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Friday, December 1, 2023
HomeNews'Large' quantity of illicit items found at Ealing off-licence

‘Large’ quantity of illicit items found at Ealing off-licence

An Ealing Off Licence has lost its right to sell restricted goods after officers discovered a ‘large’ quantity of illicit items on the premises. Ealing Council’s sub-licensing committee were shown evidence of illegal tobacco being stored in printers, Hula Hoop boxes and behind the counter of Mann Food & Wine in Southall.

As well as illicit tobacco products such as cigarettes and rolling tobacco officers also discovered over 1,000 prescription drugs including Viagra, nearly 400 oversized vapes, Nitros Oxide cannisters and unmarked poppy powder. The illegal haul totalled £3850 in unpaid duty.

Officer Bob Dear, who was part of the inspection that found the items during a visit in February said he offered the licence holder Gurjeet Singh Khurana the chance to tell him where all the illicit items were in order to avoid a licence review, but Mr Khurana refused. In the licence review meeting, Mr Khurana said that he was unaware of the presence of any illegal products and blamed his staff.

Mann Food & Wine has an adjoining Post Office which Mr Khurana says took up all his attention, however, this was fiercely contested by Mr Dear, who pointed out that the floor plan of the building meant that the licence holder would have been able to see illicit activity from his work area.

Surendra Panchal, who was representing Mr Khurana at the meeting insisted that the offending staff had been fired and that with more training his client would be better suited to run the shop. However, councillors sitting on the panel Cllr Julian Gallant, Cllr Munir Ahmed, and  Chair Cllr Amarjit Jammu, all seemed sceptical.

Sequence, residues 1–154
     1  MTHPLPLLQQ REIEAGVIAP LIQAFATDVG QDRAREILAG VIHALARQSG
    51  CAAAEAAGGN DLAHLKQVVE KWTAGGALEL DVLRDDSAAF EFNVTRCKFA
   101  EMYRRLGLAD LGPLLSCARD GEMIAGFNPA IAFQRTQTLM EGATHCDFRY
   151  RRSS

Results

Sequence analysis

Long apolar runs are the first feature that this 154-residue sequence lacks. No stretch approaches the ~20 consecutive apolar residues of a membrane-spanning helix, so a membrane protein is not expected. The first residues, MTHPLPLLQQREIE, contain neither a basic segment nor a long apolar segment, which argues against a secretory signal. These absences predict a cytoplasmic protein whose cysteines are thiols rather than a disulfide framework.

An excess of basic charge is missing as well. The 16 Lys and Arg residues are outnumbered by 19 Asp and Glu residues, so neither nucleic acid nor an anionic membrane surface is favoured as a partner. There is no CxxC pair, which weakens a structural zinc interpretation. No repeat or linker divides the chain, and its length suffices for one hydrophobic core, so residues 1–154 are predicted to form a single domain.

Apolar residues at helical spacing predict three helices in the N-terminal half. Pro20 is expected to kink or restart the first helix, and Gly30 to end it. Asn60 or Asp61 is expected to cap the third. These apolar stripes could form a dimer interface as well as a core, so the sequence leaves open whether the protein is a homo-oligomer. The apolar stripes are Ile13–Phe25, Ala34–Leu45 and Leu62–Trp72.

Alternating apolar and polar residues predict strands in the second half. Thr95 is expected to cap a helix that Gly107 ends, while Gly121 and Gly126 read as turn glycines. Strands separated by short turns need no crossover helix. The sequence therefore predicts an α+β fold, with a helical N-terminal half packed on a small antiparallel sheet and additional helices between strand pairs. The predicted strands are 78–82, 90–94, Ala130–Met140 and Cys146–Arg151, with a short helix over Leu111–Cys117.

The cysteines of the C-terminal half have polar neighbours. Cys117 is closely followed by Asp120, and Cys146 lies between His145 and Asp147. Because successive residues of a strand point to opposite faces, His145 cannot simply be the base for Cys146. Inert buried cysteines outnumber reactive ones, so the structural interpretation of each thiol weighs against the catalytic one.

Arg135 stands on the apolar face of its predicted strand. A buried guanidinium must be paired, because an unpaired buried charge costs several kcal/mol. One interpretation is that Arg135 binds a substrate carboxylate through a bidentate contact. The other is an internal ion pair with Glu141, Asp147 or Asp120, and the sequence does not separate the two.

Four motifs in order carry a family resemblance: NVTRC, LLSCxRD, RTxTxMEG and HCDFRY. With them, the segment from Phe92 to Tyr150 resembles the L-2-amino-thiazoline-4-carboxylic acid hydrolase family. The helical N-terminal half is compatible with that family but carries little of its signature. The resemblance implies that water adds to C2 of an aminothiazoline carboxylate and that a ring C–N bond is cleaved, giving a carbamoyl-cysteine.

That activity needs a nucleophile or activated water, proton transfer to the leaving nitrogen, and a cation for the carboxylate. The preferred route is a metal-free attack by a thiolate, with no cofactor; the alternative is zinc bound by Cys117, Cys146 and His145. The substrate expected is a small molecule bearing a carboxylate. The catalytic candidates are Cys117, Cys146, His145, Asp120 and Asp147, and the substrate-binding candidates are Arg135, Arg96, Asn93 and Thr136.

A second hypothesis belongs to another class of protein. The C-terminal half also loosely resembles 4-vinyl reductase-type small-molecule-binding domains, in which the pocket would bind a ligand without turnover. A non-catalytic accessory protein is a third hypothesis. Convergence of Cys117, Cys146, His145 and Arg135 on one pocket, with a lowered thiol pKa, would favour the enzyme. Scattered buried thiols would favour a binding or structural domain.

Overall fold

Cllr Jammu asked Mr Khurana that as the licence holder “Is it not your responsibility to know what is in your shops?” Mr Dear added that surely the stocking of the hula hoop for core fitness would have raised an eyebrow by any well-meaning off licence manager.

The officer said that due to the quantity of illicit items, he thought it impossible that Mr Khunara didn’t know what was happening. Speaking to the panel he said: “Mr Khunara knew exactly what he was doing.”

In their summing up the committee said that “it didn’t believe that a business owner would not be aware that illicit substances were being hidden and sold at their premises.”

They added that they were “deeply concerned by the large quantities of illicit products but also the presence of prescription medicines.” They described the findings at the premises as constituting a “severe danger to the community” and revoked the licence.